The Confidence Game was inspired in part by David Mamet's early film, "The House of Cards." In it, they discussed the confidence trade and how people are constantly shifting identities.
The auditions took place at Fairhaven Auditorium, and everyone who showed up got casted. All of them were virtual strangers when they auditioned, and some of them I still try to keep in touch. Jack was in the theatre department, Eliza was from Sehome High School, and Dansen was just looking for something to do -- and together they were the perfect actors for the role. Jack had the personality and suaveness for Will, Eliza had the authority and presence to be Laura, and Dansen added a phenomenal amount of depth I had never imagined to Alan.
Shooting took place around mid-April, 1999, and we were already behind schedule. Production had been held up because my camera had yet to be purchased -- long story. To make it brief, the university did not allow students to use their cameras long term, therefore we had to get our own camera. I had decided to get it through one of Jonathan's friends who worked at The Good Guys (an employee discount) but through some goofy antics, the delivery of the camera delayed the production from commencing for an entire week.
But there we were, shooting our first scenes at Western. It was an entirely new experience for me, and I had very little knowledge of the camera itself. The mike was usually placed need the actors, and that was about all there was. We abandoned the idea of markers fairly early simply because I got sick of doing it myself and then running back to the camera. Besides, this was videotape. It didn't cost anything to run long on footage.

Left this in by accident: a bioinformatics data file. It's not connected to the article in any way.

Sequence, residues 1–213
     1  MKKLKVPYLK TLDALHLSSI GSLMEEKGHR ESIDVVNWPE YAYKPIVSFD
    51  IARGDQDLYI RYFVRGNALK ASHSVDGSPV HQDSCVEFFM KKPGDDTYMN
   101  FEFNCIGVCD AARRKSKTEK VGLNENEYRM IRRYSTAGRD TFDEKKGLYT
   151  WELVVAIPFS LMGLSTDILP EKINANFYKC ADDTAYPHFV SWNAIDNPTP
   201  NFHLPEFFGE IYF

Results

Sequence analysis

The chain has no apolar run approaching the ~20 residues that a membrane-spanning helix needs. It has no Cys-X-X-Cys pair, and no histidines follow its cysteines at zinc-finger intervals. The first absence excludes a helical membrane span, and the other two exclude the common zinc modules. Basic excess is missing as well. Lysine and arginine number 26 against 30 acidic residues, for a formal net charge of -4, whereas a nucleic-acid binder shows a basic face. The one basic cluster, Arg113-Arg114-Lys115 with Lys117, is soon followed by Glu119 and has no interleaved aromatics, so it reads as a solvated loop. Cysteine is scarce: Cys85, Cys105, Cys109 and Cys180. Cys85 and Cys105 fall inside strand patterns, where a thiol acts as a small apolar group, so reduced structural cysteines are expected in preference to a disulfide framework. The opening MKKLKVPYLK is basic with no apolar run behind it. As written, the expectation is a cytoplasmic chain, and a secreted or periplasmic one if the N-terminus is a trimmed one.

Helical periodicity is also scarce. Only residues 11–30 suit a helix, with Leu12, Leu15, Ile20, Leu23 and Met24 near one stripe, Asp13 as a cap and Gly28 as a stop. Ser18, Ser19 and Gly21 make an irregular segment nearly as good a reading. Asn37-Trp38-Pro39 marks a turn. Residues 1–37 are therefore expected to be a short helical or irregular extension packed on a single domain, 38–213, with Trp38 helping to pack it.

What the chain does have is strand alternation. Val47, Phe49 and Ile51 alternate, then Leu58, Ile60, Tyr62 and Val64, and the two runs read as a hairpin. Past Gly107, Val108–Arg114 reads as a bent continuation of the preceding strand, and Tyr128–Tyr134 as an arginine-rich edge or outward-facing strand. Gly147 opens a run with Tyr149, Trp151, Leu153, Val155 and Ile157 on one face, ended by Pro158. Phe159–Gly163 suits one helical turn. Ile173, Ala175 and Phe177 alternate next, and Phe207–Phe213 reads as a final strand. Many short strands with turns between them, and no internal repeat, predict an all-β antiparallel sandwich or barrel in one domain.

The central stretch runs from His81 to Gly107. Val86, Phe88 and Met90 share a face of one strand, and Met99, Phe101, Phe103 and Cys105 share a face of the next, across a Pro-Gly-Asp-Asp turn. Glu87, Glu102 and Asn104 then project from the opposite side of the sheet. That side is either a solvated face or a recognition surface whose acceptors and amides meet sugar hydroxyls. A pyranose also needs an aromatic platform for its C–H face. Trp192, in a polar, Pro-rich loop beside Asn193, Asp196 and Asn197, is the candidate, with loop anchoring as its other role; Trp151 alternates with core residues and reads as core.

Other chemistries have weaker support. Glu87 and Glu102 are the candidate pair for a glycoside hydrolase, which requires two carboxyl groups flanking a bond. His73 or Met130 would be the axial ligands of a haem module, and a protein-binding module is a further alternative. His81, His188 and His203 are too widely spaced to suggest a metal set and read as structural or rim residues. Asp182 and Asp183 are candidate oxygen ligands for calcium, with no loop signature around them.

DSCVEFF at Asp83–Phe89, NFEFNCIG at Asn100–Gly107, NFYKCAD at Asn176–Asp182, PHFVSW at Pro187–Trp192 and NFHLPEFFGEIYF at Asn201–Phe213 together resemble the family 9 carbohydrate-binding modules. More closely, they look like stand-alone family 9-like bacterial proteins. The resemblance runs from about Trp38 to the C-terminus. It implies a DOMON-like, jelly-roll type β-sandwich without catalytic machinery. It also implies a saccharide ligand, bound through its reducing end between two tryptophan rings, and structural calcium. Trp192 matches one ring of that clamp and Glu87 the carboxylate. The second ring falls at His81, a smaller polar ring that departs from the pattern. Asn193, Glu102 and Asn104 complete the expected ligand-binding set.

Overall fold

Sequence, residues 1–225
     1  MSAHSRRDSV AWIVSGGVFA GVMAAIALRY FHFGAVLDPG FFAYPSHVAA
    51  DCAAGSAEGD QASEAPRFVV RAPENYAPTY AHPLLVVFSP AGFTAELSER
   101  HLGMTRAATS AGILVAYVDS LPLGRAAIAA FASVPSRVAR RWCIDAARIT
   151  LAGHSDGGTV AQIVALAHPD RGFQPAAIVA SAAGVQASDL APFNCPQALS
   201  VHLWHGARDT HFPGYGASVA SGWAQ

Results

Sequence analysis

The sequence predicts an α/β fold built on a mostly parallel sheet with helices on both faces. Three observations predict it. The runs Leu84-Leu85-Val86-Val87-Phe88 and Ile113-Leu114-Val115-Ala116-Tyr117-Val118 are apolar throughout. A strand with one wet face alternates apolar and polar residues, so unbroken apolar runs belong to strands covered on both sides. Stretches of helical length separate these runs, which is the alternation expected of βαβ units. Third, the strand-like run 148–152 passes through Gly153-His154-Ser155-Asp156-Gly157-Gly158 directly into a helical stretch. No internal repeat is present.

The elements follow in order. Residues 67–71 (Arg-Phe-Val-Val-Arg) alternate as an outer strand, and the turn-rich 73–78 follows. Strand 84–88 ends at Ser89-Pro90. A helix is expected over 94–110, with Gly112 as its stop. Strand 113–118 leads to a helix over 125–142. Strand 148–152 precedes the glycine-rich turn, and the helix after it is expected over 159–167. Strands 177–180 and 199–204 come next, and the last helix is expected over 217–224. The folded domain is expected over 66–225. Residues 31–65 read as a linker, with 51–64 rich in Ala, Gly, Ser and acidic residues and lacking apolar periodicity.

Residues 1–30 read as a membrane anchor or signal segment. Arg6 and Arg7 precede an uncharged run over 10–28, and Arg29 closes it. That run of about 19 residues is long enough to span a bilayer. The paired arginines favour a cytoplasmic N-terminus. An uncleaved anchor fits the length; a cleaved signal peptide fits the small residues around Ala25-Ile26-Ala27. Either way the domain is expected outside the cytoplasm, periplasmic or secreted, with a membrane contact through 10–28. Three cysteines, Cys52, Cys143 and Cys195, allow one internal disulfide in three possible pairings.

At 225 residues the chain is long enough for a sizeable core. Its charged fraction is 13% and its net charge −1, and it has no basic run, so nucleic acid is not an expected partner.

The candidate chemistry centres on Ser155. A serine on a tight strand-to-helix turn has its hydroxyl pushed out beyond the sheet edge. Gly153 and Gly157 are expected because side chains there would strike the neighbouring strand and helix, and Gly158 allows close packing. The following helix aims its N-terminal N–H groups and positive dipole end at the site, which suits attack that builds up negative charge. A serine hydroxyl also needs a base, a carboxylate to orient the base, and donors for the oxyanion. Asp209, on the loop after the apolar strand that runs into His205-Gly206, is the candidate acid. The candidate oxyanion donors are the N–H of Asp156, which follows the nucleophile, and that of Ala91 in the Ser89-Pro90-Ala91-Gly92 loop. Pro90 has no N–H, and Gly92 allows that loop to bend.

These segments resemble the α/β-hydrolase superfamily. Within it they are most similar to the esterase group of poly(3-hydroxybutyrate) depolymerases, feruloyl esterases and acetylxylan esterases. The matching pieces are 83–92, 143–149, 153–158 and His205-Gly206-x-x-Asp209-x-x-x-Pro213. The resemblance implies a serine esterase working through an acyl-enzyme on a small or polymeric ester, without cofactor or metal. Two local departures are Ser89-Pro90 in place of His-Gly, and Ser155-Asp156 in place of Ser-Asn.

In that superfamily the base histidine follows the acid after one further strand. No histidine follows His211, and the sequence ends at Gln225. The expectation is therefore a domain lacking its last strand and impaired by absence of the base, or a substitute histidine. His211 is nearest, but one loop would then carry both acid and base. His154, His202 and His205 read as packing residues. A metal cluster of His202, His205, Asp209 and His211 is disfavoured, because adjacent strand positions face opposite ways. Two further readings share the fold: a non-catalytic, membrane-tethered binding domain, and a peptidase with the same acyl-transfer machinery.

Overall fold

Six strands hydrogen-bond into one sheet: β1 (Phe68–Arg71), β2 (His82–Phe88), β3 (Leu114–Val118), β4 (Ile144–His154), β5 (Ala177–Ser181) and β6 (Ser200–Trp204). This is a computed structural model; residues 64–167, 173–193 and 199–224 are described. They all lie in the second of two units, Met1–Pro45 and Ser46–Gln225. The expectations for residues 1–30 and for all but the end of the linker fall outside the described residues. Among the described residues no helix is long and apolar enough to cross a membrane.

Because of the structure of the script, whereby we met the actors with their regular hair color at the beginning, see them dye them in the middle, and then escape at the end of the film with their original hair color, we had to shoot the first and last part of the film first. In retrospect, this was probably not a wise idea for the final scene, which I call "The Red Square" scene, was a complex scene that needed a lot more help. Although I had storyboarded the Red Square scene, it was mostly ignored. That's why you can see a tripod in the background in one of the scenes, almost as big as the actors.